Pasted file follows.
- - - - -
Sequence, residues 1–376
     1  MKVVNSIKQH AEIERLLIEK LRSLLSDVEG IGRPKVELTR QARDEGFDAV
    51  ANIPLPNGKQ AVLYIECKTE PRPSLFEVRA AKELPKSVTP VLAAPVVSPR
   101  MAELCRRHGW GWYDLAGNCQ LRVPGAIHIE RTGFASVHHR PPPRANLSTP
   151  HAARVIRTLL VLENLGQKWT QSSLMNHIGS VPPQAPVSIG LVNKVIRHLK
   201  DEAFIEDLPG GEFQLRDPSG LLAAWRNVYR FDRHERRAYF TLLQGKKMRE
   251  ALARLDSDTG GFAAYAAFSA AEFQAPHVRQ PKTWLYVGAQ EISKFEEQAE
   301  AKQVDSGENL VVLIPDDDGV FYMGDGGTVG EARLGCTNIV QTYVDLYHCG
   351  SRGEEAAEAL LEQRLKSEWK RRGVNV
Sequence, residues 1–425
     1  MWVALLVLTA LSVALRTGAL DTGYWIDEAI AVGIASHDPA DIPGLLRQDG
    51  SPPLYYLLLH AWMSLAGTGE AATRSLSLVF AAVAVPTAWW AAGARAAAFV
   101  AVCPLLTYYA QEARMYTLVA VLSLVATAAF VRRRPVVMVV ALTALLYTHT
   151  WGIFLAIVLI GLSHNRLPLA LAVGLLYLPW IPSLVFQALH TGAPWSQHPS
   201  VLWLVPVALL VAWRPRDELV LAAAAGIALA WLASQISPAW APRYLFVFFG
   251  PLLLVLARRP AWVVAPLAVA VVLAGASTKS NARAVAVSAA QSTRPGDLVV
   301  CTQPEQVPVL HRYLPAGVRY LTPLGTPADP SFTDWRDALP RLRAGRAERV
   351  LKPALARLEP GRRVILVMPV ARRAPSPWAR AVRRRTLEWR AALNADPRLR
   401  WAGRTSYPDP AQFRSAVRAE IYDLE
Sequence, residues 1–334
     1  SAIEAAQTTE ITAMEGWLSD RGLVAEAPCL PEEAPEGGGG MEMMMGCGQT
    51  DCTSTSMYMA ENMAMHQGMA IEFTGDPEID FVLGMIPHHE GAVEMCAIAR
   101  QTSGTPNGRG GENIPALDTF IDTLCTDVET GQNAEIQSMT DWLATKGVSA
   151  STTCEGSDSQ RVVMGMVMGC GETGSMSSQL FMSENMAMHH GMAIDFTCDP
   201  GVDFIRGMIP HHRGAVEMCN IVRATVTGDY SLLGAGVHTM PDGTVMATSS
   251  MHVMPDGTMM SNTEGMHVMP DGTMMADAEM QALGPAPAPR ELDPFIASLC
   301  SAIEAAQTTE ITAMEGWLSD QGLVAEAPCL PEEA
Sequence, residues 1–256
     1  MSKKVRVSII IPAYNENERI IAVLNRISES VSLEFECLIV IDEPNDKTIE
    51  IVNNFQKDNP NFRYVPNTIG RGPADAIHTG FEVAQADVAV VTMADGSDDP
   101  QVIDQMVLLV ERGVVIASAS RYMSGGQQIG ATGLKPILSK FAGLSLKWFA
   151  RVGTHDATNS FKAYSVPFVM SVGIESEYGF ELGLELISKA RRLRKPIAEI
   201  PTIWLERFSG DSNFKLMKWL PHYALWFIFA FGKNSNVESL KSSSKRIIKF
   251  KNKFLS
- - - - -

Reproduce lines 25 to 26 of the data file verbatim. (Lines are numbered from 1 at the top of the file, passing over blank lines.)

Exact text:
   201  GVDFIRGMIP HHRGAVEMCN IVRATVTGDY SLLGAGVHTM PDGTVMATSS
   251  MHVMPDGTMM SNTEGMHVMP DGTMMADAEM QALGPAPAPR ELDPFIASLC